The board has decided to hire a different engineering firm. “I think the engineer got busy,” the board treasurer says. “We’re a small building and obviously we weren’t a high priority. It’s no reflection on the contractors.”
This board’s experience illustrates one of the most important considerations when hiring an engineer – find the right company for the job. A big firm might not be right for a small building, and vice versa. And one that excels at roof work might not have similar expertise with elevators or historical detailing. Some homework and research are required.
“This field of building repair and restoration is all about real-world job experience,” says Varone. “Don’t use the same engineer just because you used him before and he did a good job. You need to find which firm is specifically geared for the job you’re doing.”
Construction and the Residents:
The construction schedule left no room for delay – no time for residents who refused to open their doors when the work needed to be done. Contractors had to get into every one of the 1,021 cooperative apartments at Le Havre, a self-managed property in Queens, several times. First, they needed to tape plastic over the windows, both inside and out, before tearing the fronts off 32 buildings and replacing them. Then they had to enter the apartments again to rip out and replace the old windows.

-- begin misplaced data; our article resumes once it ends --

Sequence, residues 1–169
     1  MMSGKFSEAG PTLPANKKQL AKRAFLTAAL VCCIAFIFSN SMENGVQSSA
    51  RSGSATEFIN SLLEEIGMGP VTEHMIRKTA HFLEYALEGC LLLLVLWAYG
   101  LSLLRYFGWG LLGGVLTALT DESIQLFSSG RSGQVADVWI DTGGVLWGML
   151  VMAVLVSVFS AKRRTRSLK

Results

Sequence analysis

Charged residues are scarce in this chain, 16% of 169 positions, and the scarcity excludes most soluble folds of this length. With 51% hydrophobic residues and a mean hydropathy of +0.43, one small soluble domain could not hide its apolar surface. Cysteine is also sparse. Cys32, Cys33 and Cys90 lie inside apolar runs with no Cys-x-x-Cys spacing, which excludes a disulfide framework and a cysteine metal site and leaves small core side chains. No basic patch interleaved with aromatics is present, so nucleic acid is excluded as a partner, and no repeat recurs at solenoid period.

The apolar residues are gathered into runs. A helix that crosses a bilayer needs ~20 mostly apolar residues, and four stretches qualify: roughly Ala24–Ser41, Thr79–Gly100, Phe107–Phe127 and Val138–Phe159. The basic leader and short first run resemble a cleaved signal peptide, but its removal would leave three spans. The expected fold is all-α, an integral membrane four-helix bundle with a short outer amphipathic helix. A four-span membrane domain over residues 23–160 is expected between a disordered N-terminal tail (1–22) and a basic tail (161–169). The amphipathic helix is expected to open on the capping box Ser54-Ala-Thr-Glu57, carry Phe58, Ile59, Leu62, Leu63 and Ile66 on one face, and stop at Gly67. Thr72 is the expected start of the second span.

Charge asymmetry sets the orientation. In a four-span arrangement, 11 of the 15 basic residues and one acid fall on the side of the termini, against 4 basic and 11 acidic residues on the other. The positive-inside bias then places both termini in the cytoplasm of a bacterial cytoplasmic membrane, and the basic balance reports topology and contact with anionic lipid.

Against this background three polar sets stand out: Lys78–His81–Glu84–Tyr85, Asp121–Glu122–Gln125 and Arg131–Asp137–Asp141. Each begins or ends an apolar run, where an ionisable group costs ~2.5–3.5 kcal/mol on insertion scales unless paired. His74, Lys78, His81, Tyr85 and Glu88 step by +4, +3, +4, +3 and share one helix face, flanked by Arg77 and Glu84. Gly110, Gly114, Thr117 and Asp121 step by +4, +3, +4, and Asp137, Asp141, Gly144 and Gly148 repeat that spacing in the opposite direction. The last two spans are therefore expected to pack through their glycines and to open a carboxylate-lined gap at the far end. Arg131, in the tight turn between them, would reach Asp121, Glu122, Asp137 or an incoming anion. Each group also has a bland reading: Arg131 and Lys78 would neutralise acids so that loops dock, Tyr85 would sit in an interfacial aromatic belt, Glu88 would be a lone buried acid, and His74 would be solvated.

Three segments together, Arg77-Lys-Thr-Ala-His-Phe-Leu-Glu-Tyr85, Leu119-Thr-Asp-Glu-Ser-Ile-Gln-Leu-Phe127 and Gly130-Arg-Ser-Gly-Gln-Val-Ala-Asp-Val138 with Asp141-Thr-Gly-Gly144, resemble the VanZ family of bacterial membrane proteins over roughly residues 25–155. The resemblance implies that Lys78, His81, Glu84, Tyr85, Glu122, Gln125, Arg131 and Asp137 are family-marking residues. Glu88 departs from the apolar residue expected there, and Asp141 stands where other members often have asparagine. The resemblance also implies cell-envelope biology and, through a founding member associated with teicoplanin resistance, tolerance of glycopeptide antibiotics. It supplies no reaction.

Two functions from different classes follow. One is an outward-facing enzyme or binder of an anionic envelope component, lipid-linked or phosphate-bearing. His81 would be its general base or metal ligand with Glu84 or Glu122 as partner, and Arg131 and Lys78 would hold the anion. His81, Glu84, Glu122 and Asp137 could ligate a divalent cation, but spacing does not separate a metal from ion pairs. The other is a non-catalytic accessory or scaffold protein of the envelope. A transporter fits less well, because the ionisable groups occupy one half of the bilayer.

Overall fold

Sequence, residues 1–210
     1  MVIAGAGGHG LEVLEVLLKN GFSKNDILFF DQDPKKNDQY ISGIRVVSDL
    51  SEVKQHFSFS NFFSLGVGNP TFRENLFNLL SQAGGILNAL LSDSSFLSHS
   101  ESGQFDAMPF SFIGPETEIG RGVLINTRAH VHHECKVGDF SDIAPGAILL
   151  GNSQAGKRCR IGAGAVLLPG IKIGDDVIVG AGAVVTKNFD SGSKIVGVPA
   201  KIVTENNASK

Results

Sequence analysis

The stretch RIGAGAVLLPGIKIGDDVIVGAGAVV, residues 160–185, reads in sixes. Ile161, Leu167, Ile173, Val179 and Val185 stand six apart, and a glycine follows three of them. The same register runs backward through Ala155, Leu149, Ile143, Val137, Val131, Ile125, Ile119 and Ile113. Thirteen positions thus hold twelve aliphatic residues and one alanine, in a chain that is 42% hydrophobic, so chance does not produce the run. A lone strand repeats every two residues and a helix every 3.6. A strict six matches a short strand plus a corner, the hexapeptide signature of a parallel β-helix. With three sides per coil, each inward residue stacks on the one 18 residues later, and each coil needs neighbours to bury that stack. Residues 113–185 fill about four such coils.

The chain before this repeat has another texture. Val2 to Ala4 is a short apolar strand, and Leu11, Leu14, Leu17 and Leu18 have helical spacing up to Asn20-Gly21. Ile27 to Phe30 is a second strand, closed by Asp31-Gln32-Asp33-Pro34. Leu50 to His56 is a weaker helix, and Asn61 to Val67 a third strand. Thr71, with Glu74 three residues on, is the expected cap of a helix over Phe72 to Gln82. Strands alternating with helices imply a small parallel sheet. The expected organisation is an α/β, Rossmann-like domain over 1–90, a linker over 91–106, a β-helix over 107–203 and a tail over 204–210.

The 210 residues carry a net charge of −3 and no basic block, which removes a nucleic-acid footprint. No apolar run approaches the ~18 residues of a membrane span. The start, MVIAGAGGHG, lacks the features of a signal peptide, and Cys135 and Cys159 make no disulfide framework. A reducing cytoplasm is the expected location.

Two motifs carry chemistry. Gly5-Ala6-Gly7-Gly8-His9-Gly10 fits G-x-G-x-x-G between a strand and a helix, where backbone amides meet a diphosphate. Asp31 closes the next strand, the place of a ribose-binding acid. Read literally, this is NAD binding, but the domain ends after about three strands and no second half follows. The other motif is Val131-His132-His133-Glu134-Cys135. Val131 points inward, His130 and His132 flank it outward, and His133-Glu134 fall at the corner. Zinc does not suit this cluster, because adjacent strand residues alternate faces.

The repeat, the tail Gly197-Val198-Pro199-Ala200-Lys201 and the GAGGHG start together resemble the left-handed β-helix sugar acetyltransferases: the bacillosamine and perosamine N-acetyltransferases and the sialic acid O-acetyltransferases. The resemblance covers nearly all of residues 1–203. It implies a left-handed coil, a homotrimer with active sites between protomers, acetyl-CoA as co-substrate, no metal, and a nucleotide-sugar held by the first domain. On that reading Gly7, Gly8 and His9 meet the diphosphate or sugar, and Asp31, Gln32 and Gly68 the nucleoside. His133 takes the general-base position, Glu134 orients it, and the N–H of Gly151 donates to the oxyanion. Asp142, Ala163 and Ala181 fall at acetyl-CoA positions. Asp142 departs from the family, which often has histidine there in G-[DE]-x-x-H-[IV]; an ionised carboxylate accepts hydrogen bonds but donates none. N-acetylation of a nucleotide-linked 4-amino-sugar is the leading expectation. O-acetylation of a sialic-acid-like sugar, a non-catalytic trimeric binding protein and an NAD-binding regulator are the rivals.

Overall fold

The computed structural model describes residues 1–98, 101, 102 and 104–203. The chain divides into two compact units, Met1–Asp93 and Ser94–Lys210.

“One or two shareholders objected to us coming into their homes,” says Stanley Greenberg, treasurer of the co-op board. “We talked to them, sent a few letters. It always gets resolved.”
It’s possible for a board or its representatives to gain entrance to almost any cooperative or condominium apartment – for a valid reason. Nearly every property has rules and bylaws that require residents to open up their homes in case of emergency, or to allow necessary work. A few properties even allow access for random inspections to ensure that house rules are being followed. Residents who refuse can be taken to court and even forced to pay the resulting legal fees. But the process takes time, and you need to prepare properly.